The footprint of a vessel may be the thing that defines the land that has been possessed. This will vary in tide and wind conditions. The nature of a swinging mooring may take the footprint of a vessel onto Crown land in certain circumstances but onto National Trust land in other conditions.

The Impact of Blakeney Harbour Company. BHC was established in 1817 by act of Parliament and was able to carry out improvements to the harbour and to collect revenue from vessels using the harbour (mooring and or moving goods in the harbour) and we might reasonably assume that in doing so it would have provided some degree of directional buoyage (appropriate to the time). There is no record of the dissolution of the Blakeney Harbour Company. It may therefore be that neither the Crown nor the National Trust possess the rights that the Crown seeks to grant to BHA. In the event that BHC still exists the same possessory title/adverse possession process described above may apply against it.

Customary Rights the public advice from the Crown is that the “legal criteria defining custom are very precise and “quite” difficult to meet” and that where local inhabitants have moored continuously for very many years (which certainly applies to Blakeney) are (places) probably within harbour areas where it is likely that legislation will have overridden any customary rights which might once have existed”. This requires more discussion between all parties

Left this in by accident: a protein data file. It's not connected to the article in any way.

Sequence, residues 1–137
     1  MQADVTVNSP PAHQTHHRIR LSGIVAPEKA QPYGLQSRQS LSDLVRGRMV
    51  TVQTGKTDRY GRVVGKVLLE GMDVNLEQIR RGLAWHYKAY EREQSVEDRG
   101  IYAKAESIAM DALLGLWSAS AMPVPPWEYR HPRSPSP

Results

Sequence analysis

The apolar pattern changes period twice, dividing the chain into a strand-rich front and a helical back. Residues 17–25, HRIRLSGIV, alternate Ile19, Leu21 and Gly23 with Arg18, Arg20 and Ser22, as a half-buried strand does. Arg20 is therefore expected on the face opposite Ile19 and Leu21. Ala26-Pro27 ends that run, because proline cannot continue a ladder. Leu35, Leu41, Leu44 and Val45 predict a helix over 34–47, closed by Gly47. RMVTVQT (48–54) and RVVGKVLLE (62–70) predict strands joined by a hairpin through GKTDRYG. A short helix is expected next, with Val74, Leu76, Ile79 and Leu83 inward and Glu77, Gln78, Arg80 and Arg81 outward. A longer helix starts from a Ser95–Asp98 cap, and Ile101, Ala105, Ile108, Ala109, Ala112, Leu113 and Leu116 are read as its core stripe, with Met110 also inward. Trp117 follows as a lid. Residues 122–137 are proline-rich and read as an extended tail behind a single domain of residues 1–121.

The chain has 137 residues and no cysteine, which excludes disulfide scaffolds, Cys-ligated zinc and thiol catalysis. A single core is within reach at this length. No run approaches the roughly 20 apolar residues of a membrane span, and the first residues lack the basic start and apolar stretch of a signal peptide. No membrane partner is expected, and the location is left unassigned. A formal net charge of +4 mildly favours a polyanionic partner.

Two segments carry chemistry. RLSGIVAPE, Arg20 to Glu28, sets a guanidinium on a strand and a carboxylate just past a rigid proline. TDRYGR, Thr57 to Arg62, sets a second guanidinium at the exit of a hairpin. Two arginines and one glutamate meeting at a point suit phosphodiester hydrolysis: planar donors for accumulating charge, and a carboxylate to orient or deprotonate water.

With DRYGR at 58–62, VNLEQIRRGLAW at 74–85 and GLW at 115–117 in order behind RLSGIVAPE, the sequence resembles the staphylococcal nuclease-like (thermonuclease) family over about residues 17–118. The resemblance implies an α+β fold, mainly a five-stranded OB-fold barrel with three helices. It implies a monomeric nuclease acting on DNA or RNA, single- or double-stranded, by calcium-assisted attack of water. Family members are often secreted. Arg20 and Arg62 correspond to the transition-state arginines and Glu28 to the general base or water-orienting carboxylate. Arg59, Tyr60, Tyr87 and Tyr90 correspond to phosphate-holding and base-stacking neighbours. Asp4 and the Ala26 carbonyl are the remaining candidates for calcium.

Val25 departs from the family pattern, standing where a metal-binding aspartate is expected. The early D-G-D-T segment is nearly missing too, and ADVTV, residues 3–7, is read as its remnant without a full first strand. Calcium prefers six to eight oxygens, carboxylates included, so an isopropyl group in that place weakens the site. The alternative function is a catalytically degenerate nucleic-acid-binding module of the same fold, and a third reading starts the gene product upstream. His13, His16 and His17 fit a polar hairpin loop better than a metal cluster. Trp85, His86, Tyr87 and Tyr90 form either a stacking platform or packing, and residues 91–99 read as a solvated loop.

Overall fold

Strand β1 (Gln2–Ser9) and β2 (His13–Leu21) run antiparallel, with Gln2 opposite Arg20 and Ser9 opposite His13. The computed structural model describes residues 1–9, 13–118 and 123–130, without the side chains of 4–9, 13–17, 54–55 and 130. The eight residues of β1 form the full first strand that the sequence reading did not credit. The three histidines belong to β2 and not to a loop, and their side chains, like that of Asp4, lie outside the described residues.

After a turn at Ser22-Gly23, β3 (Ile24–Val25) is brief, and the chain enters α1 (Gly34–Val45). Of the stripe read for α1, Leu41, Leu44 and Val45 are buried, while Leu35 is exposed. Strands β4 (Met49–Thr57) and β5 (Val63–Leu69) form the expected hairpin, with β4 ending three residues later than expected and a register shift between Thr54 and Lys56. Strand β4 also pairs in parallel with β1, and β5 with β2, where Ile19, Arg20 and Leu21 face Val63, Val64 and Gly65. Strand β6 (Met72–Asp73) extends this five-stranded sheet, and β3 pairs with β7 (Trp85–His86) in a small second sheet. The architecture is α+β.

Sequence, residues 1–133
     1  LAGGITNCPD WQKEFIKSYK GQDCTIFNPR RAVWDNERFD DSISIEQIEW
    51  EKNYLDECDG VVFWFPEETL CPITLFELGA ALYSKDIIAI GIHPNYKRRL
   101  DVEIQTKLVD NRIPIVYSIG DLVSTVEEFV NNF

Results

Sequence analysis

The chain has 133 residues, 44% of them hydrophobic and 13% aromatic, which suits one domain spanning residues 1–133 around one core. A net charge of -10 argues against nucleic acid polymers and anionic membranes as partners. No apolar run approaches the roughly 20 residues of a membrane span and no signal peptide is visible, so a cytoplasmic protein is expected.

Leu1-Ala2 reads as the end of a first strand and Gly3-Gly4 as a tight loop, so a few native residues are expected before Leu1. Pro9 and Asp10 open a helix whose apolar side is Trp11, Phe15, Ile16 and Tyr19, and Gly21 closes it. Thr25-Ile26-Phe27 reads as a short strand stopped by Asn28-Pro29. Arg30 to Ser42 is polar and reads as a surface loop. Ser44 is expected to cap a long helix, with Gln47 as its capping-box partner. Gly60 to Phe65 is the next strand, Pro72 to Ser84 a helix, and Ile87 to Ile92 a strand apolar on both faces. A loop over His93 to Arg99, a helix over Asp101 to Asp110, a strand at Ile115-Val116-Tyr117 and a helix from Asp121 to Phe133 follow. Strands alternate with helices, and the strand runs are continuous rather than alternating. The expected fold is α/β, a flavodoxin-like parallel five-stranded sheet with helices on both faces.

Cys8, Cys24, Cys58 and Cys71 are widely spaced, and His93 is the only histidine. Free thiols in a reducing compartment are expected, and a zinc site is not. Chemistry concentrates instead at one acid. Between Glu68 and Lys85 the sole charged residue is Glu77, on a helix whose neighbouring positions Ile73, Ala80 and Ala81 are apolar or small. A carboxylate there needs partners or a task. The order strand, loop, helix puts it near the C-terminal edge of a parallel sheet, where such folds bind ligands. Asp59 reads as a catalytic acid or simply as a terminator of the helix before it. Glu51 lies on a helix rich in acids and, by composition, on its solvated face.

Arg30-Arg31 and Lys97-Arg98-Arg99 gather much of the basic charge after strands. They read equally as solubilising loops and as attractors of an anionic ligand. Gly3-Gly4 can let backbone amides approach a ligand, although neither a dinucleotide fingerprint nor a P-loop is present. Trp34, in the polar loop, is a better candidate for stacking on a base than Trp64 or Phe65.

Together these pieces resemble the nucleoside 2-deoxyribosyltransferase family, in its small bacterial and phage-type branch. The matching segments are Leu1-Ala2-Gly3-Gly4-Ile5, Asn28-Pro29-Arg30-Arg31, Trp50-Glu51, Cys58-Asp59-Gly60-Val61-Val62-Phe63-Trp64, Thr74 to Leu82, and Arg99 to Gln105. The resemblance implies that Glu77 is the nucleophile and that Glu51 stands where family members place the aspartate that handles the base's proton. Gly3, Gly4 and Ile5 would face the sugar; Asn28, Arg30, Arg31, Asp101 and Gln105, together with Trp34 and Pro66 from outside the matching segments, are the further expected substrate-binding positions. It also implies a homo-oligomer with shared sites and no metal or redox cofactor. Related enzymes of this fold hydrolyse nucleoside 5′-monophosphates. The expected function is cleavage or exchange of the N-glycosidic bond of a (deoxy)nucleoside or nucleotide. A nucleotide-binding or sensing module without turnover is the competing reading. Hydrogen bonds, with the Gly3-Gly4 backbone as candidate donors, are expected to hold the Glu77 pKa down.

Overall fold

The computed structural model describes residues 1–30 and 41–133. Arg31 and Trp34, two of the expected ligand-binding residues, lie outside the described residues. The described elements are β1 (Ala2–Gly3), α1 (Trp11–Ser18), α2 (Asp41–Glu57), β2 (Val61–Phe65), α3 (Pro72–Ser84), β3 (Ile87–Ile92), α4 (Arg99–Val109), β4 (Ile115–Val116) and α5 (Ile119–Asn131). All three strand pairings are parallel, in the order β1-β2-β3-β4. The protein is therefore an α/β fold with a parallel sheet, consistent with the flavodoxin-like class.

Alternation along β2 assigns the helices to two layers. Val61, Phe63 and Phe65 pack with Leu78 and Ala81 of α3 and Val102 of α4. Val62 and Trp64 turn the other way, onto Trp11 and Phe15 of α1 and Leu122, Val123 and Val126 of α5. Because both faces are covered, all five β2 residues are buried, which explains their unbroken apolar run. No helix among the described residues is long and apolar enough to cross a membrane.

Public Rights of Navigation; there is some case law which suggests that the Public Right of Navigation includes the public right to moor. We have not looked into PRN in any great detail but it would seem logical that if there is a public right to navigate then there should also be a public right to install at the least, navigation aids.

In terms of the form of agreement proposed for ii) above the Crown wrote to the Association on the 12 June with a proposed draft annual licence. The Trustees do not, at this time, feel that it is appropriate to sign a short-term license agreement.  Any “Free Harbour” status in Blakeney could well influence the definition of BHA as contemplated in the proposed draft short-term licence agreement and the Trustees believe it is necessary to consider any “Free Harbour” status in detail, first.

As an interim measure BHA has suggested that its work is recorded under a Memorandum of Understanding that would be entered into without prejudice to the position of either party. We await the Crown’s response.